Health: Since rules concerning disease prevention change from time to time, a check should be made with the nearest Kenyan High Commission, Kenya Tourist Office or any airline flying scheduled services into Kenya. Malaria is endemic to most parts of Kenya and intending visitors should start taking anti-malarial tablets before departure and continue taking them for the prescribed time after their return. Insect repellents should be made use of after dusk and suitable cover up clothes should be worn in the evenings.
Flying Doctors Society: Membership of the Flying Doctors Society is strongly recommended. In event of accident or sickness while on safari, the society will fly patients by air ambulance to Nairobi for admittance to hospital. The current cost for 1-month membership is US$ 25 per person.
Drinking Water: Drinking water from the tap must be considered risky. Hotels and lodges usually furnish safe water in a thermos flask in guest rooms. Bottled mineral water is available in every hotel and supermarket.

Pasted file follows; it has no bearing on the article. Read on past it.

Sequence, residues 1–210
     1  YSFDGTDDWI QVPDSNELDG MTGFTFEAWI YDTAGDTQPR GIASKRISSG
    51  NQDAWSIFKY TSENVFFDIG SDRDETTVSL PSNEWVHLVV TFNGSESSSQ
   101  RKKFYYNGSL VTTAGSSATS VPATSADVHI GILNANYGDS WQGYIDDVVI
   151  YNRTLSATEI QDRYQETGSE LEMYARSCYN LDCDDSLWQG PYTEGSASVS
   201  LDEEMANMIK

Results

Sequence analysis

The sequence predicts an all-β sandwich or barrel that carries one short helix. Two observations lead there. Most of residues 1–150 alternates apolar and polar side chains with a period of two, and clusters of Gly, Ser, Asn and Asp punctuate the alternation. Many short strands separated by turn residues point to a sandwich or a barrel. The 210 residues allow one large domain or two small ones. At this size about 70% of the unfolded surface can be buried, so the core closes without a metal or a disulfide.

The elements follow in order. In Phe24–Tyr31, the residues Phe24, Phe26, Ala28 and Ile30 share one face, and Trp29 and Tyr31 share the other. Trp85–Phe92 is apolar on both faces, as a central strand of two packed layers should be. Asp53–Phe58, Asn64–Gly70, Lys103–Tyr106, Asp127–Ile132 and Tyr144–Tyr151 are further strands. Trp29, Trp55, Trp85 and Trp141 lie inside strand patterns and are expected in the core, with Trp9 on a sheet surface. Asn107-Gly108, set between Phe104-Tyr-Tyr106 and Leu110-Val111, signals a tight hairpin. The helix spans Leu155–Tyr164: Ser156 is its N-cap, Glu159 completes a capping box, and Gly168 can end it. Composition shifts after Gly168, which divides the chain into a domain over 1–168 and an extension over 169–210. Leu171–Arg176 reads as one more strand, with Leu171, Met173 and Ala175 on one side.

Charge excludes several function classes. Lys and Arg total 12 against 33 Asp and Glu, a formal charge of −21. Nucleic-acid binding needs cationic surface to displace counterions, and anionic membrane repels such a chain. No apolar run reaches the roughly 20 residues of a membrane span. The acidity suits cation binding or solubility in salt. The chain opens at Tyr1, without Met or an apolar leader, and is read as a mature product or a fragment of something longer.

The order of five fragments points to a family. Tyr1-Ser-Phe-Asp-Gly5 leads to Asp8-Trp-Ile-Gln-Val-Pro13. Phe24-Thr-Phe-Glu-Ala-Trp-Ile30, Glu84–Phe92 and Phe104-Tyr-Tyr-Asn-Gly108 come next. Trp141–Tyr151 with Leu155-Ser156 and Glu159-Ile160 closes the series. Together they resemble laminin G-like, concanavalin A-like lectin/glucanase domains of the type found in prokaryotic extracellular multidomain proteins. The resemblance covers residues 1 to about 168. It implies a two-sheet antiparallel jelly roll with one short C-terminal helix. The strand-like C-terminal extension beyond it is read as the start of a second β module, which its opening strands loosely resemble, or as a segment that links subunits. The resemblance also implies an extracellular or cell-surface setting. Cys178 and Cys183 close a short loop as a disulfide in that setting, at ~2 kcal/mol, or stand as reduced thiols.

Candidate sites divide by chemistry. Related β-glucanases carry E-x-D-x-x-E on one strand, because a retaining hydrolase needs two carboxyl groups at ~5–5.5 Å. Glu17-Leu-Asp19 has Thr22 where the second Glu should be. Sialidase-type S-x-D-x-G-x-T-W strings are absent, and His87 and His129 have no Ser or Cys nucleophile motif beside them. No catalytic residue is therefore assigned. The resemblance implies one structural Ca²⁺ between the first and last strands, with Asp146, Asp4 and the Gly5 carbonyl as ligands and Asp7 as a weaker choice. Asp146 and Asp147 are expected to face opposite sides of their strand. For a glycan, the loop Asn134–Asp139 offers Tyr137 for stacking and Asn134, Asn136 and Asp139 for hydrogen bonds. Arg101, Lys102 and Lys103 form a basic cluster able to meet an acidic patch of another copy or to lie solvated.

Security: Normal precautions as in any other destination world-wide should be taken. Visitors are advised not to leave cash and valuables in their hotel rooms but to make use of safe deposit boxes and safes. One should never carry large sums in cash and women should keep a tight grip on handbags in crowds or busy streets. Jewellery snatching is quite common in city streets. As in all major cities walking alone or in small groups at night should be considered a hazard and avoided. Reliable taxis are available at all the principal hotels. Taking photographs at airports, near military installations, of policeman, the president, the national flag, the State House, state lodges, soldiers, prisons and prisoners etc., is prohibited. Before photographing local people, permission should be obtained and a fixed price agreed. Seek the assistance of your driver/guide in this matter.